Patients are giving healthcare reviews fewer stars. A recent survey on the health care decision-making process showed that reviews have become less important to the patient — in 2016 more than 50% of respondents said that reviews were either “important” or “very important” and in 2018 this number went down to 32%. Additionally, only 17% of patients selected doctor after reading a review.
This finding is surprising in light of other sources that have reported up to 92% of potential patients read online reviews of their health care provider before making an appointment.
Movéo suggests several possible reasons for this decline:
With increasing deductibles and rising health care costs, consumers are becoming more savvy health care shoppers, viewing reviews as just one input in a complex decision.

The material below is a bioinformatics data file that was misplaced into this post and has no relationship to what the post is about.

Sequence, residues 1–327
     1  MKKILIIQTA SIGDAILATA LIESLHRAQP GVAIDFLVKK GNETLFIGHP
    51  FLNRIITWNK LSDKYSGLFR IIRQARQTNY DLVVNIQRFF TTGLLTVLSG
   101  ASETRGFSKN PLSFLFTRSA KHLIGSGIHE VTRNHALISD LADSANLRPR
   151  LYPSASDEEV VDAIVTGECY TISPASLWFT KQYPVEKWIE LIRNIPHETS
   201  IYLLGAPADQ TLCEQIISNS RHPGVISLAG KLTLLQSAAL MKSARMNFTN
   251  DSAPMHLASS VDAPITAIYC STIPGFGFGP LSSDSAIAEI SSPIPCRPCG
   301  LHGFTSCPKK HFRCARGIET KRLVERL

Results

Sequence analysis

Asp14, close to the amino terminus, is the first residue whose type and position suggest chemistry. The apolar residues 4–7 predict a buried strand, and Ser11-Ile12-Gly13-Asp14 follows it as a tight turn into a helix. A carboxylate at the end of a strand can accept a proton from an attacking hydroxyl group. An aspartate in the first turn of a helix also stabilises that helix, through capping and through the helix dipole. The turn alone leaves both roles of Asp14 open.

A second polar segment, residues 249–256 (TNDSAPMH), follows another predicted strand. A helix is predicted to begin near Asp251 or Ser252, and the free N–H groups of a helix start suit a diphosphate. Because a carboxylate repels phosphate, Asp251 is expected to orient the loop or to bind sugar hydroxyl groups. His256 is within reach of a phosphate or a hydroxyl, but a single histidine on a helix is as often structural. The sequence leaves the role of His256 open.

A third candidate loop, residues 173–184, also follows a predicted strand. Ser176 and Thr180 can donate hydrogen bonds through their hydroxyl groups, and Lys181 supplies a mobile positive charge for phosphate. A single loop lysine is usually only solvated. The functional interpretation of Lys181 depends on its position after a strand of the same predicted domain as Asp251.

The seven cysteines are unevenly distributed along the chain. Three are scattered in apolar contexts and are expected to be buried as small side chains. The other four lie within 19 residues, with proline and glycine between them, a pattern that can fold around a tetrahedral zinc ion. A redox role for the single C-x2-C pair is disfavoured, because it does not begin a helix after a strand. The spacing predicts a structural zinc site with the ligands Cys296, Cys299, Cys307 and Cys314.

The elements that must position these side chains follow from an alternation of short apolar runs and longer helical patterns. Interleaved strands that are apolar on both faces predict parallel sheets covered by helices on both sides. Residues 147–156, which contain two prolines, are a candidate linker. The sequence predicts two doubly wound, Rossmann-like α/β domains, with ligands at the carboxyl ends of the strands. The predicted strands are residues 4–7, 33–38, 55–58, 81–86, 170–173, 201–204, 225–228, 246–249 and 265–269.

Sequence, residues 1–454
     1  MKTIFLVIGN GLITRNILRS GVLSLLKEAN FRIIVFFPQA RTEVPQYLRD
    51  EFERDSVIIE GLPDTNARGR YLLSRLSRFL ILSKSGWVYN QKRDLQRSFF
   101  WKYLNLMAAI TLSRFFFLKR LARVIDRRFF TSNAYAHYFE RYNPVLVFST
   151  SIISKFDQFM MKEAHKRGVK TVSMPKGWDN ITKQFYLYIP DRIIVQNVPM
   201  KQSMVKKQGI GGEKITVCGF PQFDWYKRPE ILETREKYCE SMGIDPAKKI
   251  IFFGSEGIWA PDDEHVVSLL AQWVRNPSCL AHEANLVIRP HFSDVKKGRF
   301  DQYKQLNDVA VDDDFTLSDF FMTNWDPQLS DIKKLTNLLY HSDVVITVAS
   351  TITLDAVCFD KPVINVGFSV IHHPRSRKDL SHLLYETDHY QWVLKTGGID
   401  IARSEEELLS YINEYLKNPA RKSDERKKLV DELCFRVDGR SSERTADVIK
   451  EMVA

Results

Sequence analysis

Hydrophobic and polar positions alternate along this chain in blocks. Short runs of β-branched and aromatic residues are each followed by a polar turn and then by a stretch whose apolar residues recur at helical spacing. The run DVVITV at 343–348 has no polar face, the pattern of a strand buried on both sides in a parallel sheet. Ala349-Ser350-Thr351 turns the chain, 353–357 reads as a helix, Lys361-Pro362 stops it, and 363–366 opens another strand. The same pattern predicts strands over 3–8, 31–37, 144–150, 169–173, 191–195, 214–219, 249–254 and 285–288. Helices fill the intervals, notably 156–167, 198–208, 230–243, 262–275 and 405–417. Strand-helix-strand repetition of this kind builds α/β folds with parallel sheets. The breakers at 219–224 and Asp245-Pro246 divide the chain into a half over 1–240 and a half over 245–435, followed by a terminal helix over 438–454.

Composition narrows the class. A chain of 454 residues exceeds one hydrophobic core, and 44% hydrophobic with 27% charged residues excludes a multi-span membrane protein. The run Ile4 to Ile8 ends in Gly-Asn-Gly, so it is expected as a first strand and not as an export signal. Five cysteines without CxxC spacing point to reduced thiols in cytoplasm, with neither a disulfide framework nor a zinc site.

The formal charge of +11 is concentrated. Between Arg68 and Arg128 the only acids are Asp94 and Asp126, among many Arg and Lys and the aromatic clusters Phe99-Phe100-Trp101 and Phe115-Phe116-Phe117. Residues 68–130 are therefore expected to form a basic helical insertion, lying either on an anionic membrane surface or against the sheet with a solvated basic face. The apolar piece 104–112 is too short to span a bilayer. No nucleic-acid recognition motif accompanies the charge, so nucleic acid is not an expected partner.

Reviews are still important but other factors have increased proportionally. For example, 62% of patients now indicate that insurance accepted is very important.
Reviews are becoming less trusted. Reviews are becoming more positive in general, and 95% of consumers suspect censorship or faked reviews when they don’t see bad scores.
Do you think perceptions of reviews are evolving? Let us know how.